In my last post, I talked a bit about the commonalities in this debate that both those on the affirming side and conservative side share. I also offered up some food for thought for liberals in the debate. This post I want to focus on what conservatives could try to keep in mind while engaging the issue.
While I tried to identify some common ground in the previous post, I think it might be helpful to talk about fundamental differences and why they are important to recognize and understand. For someone arguing from the conservative side of the debate, they making a case for how they believe God has ordered the world we live in, our sexual ethics and, as a result, how we allow Scripture to inform how we live today. As I pointed out in the previous post, these are all very significant and valid issues to wrestle with but they pale in comparison to wrestling with one’s very own identity and how that identity informs their deepest desires and longing to be accepted and loved. While conservatives are struggling to make sense of the world around them, homosexuals are struggling to make sense of a universe within themselves. This is a profound difference and I believe it’s one that conservatives should honor. The pain cause by such a struggle is very unlikely understood by heterosexuals who bypass being unjustly made to feel like human malfunctions who are sexually disordered. It isn’t until I’ve heard the stories of friends who’ve endured this do I begin to understand their experience. It is sad to admit that there is no other institution over the course human history that has more blood on it’s hands in this regard than The Church. It’s something as Christians we must face and understand. Until we do, I don’t believe whatever dialogue take place will matter a whole lot.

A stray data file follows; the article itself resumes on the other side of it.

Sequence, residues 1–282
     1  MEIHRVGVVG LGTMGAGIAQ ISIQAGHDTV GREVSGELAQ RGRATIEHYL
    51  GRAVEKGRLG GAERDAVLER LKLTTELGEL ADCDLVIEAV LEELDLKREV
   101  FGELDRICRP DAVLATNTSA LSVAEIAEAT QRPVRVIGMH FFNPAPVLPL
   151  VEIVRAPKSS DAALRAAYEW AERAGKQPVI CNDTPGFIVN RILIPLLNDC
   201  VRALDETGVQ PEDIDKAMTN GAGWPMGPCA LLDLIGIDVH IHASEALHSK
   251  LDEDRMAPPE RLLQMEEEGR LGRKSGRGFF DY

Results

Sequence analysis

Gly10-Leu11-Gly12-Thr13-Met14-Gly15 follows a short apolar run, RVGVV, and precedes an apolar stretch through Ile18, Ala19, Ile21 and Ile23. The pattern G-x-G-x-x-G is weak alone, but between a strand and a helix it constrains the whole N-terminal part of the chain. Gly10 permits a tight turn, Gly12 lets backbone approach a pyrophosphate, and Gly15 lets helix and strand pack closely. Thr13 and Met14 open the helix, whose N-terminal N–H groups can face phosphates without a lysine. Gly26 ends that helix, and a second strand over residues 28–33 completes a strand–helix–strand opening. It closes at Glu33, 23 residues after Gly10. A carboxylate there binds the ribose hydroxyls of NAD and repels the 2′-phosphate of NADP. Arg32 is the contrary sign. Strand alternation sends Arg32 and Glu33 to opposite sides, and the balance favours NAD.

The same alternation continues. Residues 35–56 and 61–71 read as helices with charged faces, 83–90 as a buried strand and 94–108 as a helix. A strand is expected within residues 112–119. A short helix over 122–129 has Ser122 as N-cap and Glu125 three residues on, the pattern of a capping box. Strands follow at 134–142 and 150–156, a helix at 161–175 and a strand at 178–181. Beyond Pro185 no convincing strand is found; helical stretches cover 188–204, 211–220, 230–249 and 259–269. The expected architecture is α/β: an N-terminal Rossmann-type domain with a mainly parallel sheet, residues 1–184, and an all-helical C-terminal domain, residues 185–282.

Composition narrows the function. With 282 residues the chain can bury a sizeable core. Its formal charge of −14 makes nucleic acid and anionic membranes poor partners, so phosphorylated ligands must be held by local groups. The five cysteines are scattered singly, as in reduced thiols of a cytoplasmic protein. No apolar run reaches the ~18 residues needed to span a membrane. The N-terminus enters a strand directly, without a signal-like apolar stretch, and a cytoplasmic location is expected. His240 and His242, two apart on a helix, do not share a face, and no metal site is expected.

The current development with the ELCA brings to light this very problem. Many conservatives in the ELCA are feeling hurt and confused by the ELCA’s decision and are considering leaving the denomination altogether. These feelings are valid and understandable but one must also consider what faithful church-going homosexual Lutherans have absorbed their whole lives while remaining committed to their parishes. If you have a hard time empathizing, I’d encourage you to talk to someone you know who is gay and ask them their perspective. If you don’t know anyone who is gay, then maybe that sort of explains part of the problem. I’ll end this post with a profound quote from Andrew Sullivan explaining why, as a gay man, he remains a devout Catholic:
“I am a Catholic and people often ask me, how can you be openly gay and be a Catholic? And my response is always I’m openly gay, because I’m a Catholic, because God taught me not to bear false witness to who I am and my faith is something that I really have no choice over. I’ve tried. I’ve had a terrible struggle with my own faith, but God wouldn’t let me go and he keeps bringing me back and he keeps saying to me, in the Eucharist and in the church I love you and you belong here. And I want you to have a loving relationship and I feel that my own relationship is a gift from God. I cannot alone in my conscience before God believe otherwise. So I can do no other. I’m here because I have no choice.”